Thai experts on Myanmar are urging Asean to reconsider its policy of non-interference so as to solve the political crisis in Myanmar, saying the bloc should be more pro-active in ensuring the junta's adherence to the five-point consensus agreed earlier in the year.
The academics' call came after Asean's foreign affairs ministers took the bold step of disinviting Myanmar's junta leader, Min Aung Hlaing, from the Asean summit to be chaired by Brunei from Tuesday to Thursday.
Instead, the ministers decided to invite a "non-political representative" from Myanmar to attend the virtual meetings -- a move decried by the junta, which said it was "extremely disappointed" by the snub.
The junta said Myanmar's head of state has the same right as other government leaders to participate in the regional summit.
Two academics sat down with the Bangkok Post to discuss what they think is the best course of action in Myanmar.
The head of the International Relations Department of Thammasat University's Faculty of Political Science, Pinitbhand Paribatra, said while it wasn't the first time the regional grouping has expressed its displeasure with the regime in Myanmar, Asean has never been upfront about it.
"[The snub] is a departure from Asean's policy of non-interference, which they have staunchly followed since the bloc was established. It is a clear signal that its members aren't happy with Myanmar's behaviour," ML Pinitbhand said.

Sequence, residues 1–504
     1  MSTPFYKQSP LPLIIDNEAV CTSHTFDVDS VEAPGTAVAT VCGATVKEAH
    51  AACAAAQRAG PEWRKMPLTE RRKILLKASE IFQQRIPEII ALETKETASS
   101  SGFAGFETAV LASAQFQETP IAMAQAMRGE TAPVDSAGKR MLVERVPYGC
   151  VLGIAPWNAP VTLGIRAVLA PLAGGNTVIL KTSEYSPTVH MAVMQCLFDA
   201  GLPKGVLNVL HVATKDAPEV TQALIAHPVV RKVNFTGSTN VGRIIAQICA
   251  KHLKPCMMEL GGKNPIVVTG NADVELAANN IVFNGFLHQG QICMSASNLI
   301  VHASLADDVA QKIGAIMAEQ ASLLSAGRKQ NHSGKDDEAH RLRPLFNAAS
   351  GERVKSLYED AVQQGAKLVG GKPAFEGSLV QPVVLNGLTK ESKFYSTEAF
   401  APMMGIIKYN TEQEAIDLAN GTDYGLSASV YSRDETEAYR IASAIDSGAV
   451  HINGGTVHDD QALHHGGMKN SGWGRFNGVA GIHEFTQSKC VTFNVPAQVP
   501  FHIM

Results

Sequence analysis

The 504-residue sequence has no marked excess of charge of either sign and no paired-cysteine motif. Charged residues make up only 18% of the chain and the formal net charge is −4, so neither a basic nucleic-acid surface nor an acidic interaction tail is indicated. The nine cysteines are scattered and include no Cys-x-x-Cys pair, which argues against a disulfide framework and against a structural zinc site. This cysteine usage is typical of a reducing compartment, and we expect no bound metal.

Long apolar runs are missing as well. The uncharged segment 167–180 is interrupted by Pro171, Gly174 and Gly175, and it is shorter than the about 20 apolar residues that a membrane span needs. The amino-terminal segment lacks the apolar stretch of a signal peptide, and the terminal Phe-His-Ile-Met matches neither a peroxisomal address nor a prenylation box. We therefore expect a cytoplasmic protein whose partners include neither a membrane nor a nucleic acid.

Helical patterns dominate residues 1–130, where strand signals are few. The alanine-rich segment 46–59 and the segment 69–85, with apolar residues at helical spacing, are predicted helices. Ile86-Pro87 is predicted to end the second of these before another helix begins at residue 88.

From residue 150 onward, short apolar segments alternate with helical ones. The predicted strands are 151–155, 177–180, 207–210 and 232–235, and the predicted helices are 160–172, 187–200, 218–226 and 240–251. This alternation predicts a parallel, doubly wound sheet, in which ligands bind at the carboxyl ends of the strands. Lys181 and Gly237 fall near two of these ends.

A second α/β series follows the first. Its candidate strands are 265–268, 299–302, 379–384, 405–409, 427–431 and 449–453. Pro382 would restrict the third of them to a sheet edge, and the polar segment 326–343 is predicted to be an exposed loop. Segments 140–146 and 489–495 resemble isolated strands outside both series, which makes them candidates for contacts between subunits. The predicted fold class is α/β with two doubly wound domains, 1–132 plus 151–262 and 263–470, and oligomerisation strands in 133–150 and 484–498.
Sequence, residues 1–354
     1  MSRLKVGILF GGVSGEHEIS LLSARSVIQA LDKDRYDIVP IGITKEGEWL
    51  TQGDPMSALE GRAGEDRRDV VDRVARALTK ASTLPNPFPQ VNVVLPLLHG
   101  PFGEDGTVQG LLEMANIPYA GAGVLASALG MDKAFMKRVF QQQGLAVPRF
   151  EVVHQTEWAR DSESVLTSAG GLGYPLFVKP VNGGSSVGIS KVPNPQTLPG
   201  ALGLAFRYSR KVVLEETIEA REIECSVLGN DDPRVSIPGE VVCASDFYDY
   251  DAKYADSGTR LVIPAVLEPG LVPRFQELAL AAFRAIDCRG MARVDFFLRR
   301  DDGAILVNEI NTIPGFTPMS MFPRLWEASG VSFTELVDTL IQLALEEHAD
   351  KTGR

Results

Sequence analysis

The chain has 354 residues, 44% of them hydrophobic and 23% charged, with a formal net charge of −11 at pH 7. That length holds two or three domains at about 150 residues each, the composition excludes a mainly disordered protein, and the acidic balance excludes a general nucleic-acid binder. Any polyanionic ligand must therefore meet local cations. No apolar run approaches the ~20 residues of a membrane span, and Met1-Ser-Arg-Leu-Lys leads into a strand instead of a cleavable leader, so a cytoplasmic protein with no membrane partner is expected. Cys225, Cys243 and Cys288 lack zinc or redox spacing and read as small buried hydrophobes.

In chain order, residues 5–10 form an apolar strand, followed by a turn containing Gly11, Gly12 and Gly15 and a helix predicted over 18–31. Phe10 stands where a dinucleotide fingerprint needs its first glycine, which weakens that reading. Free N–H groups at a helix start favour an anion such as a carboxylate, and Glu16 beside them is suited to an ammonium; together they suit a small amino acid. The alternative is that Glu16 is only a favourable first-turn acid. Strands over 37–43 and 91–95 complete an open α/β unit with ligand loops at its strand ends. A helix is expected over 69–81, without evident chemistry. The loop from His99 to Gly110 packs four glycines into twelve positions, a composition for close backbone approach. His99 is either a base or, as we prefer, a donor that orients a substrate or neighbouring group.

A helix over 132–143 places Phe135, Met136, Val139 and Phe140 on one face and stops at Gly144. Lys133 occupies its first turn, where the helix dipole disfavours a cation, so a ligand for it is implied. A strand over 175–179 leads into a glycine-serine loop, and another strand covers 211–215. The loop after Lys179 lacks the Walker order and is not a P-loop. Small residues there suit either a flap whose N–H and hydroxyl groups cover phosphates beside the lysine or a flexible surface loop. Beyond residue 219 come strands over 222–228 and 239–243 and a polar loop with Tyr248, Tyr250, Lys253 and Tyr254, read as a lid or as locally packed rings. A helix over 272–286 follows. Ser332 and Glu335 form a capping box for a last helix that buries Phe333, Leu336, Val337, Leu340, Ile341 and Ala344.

Thailand's stance on the Feb 1 coup in Myanmar has been "disappointingly weak", as the government hasn't clearly outlined its position on the matter -- despite the fact that a prolonged stalemate there will have a spill-over effect on the entire region, especially during the Covid-19 pandemic.
"Without a clear position on the crisis, Thailand is upholding the principle of non-interference. But the government must remember that non-interference can't be used to argue for inaction in the face of a regional humanitarian crisis," he said.
ML Pinitbhand said Thailand should support the implementation of Asean's five-point consensus on Myanmar agreed on April 24, which called on the immediate cessation of violence, for a dialogue involving all concerned stakeholders and the appointment of an Asean special envoy, who was supposed to meet all parties in the political crisis.
However, since the Feb 1 coup, the Myanmar junta has not granted the special envoy access to carry out his task. In fact, Asean hasn't been able to send a team to assess the situation on the ground, which is needed before it can send much-needed humanitarian aid.
"In fact, Asean should go beyond the five-point consensus. The bloc should take tougher measures, such as disinviting the Myanmar junta from future summits -- or even by acknowledging the National Unity Government [NUG] as a legitimate representative -- until the junta agrees to sit down for a discussion," he said.
Also, he said, Thailand should boost the work of the Asean special envoy, as doing so will help ensure humanitarian aid can reach its targets, which in turn will help prevent a crisis right on the border.